• To express your political or social outrage

Create a Healthy Support System

Make an effort to stay in contact with important people in your life, and balance your schedule to make time to be with friends or family members who really understand you. Devote time and energy to these and other relationships that bring you joy.

Embrace Vulnerability

Although many people aren’t comfortable talking about their feelings, or what’s going on in their emotional worlds, we know that it is through our ability to have an honest connection with others that we are able to find true healing. Opening up about personal issues is never easy but can have huge effects. Whether in a community support group or with a therapist, talking it out and processing through your emotions can reduce your sense of helplessness and provide relief in the shared burden of your struggles. Stay Tuned for the next installment in the Self-Care Series: Spiritual Self-Care.

Psychological Self Care

After establishing physical practices to take care of your body, the next important aspect of self-care to master is in learning to take care of your mind. Both physical and psychological well being lay the foundation for one’s ability to have good emotion regulation and experience emotional wellbeing. Thus, psychological or ‘cognitive’ self-care is another important pillar of mental health, focused on control over one’s thoughts and mental state. Psychological self-care is the practice of paying attention. When you are able to become aware of the details of the sensations around you, it is easier to live in the present moment; and when you are in the present, you can more effectively abandon the resentment of the past or anxieties about the future. Here are some ways to increase your mental well-being:
  1. Make time for Reflection.

So often, life can be lived on autopilot, where we may be constantly moving from one activity to the next, never truly stopping to take stock of our current reality or to pay attention to the thoughts rattling around in our minds. One of the most important elements of learning to take care of our minds is to stop and give them a voice, to take a moment to listen, and to adjust our course of action as needed. Writing in a journal can help to begin to notice and identify patterns of thinking, or other thought errors, or even simply serve to quiet the racket of thoughts screaming for our attention. Participating in your own personal psychotherapy can also assist in cultivating this practice of paying attention, and also may provide you with some feedback about factors outside of your awareness.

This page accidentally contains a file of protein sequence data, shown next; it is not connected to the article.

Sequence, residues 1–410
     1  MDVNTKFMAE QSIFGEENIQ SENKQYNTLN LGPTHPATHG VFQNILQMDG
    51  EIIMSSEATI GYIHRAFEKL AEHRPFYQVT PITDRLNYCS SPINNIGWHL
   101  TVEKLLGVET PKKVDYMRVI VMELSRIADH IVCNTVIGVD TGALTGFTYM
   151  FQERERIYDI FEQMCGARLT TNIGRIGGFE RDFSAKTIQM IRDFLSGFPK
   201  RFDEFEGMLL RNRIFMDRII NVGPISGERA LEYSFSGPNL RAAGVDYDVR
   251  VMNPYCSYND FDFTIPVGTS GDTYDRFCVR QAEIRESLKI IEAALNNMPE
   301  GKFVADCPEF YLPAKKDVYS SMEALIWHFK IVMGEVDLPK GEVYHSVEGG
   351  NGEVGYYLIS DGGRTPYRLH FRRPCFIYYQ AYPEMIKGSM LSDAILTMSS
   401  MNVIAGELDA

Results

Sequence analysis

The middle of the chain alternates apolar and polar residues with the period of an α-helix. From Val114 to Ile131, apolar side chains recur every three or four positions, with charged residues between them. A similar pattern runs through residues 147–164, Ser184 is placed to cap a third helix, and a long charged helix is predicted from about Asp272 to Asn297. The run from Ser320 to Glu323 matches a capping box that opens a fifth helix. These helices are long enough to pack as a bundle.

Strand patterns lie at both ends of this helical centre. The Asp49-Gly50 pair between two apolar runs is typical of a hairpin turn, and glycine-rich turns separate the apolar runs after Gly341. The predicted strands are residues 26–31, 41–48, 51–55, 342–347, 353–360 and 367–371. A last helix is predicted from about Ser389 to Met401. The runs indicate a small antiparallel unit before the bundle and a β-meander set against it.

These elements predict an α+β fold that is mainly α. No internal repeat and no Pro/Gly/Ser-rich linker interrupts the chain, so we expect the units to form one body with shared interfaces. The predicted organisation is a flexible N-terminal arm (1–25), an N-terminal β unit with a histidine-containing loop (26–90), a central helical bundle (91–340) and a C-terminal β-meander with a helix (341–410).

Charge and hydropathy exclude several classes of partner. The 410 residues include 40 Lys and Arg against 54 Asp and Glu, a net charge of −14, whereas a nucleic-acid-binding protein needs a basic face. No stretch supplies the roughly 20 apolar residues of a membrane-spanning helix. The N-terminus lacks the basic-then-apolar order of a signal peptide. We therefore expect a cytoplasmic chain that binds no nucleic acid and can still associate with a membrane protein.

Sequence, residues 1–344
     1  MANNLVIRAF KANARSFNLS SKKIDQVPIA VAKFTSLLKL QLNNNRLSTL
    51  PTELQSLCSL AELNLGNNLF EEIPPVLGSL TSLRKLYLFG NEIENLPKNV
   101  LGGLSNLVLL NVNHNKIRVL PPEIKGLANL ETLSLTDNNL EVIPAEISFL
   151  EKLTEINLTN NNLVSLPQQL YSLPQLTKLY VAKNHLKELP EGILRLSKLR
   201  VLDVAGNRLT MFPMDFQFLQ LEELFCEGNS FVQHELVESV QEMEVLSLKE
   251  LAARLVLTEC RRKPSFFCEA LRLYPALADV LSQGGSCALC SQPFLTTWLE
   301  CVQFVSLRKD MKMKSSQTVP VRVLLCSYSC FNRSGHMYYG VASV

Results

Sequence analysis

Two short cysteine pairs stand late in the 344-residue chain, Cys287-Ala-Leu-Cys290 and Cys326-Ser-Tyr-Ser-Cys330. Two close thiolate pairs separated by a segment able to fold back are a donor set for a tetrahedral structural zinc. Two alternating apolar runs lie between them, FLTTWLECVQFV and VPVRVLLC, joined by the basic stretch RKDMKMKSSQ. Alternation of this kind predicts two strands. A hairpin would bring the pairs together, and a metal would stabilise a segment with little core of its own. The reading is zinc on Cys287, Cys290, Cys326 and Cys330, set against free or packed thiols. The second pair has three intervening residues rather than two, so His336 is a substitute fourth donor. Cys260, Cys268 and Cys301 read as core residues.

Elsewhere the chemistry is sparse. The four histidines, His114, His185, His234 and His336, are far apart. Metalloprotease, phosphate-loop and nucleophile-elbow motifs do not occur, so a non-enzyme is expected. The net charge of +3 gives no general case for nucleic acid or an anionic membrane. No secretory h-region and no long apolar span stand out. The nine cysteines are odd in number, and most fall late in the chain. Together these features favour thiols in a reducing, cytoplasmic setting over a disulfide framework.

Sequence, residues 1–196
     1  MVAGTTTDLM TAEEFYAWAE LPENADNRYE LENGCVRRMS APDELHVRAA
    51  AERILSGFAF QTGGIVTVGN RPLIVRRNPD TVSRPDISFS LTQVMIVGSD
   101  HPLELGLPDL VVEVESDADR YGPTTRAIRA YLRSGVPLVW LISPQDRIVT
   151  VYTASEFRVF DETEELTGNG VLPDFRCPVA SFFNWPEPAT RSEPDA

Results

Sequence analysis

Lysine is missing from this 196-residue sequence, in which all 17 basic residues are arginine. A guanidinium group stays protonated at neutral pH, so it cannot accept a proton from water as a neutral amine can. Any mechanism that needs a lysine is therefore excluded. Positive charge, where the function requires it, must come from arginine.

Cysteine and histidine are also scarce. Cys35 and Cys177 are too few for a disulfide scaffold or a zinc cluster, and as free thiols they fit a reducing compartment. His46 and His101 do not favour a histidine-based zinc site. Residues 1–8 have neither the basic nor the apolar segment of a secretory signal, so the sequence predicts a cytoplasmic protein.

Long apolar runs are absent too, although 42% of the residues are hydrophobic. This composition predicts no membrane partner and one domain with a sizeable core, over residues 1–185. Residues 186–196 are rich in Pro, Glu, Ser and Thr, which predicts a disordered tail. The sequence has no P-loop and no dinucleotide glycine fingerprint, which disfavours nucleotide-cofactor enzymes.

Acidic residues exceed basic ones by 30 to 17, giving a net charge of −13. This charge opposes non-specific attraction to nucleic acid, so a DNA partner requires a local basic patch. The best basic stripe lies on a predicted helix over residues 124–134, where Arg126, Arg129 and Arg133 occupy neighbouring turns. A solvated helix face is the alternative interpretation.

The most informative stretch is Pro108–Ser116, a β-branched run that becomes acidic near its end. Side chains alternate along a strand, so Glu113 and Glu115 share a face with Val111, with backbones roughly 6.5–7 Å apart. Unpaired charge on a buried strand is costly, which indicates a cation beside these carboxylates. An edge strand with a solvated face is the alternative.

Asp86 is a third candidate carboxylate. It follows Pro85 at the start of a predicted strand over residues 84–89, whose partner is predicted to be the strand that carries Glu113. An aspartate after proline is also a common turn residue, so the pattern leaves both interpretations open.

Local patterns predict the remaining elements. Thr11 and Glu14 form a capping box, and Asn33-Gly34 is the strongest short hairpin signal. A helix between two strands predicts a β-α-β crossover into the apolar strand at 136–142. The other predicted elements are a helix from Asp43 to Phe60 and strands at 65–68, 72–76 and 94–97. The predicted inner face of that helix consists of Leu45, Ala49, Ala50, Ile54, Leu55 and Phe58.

2. Practice Meditation and Relaxation.

An important aspect of psychological well being often seen in meditation techniques and Acceptance and Commitment Therapy (ACT), is to practice non-attachment to our thoughts. Russ Harris, a proponent of ACT, states that mindfulness is “Consciously bringing awareness to your here-and-now experience, with openness, interest, and receptiveness.” When we engage as an observer or even researcher of our thoughts, we are able to truly notice our inner experience—listen to our thoughts, judgments, beliefs, attitudes, and feelings without the burden of defense. Focus on the movements of your own breathing, and become aware of your bodily sensations.

3. Explore Different Sides of Yourself.

Get to know yourself, and let others know different aspects of you. Experiment with your relationship with control, either by practicing your ability to receive help from others or by showing up and taking charge, even if it is just in some small way. Try letting someone else be the “expert”, or see what it might be like not to have the pressure to be the one in the family who brings the comedic relief. Increase your awareness of the role that you serve in the important contexts of your life, and decide whether you are happy with it.

4. Be Curious.

Spend some time trying on some new hobbies or attending events that help you engage your intelligence in a new way, whether that is going to a history exhibit, science center, sports event or theatre performance. Say “yes” to something you may be hesitant about, and give yourself the permission to try. Read literature or contemplate a work of art. Maybe even get in touch with the inner artist inside you.

5. Get Focused.

When was the last time you gave your full focus to something?  Say “no” to extra responsibilities sometimes so that you can truly focus on what brings you joy. Regardless if it is completing a jigsaw or sudoku puzzle, reading a book, or working on a paint-by-number, engage in an activity that requires your full focused attention. Again, give yourself permission to miss that phone call or text, and relax into the knowledge that there is nothing else you need to do and no one that you need to respond to for a while. Continue reading our series about the importance of self-care. Next up: Emotional Self Care.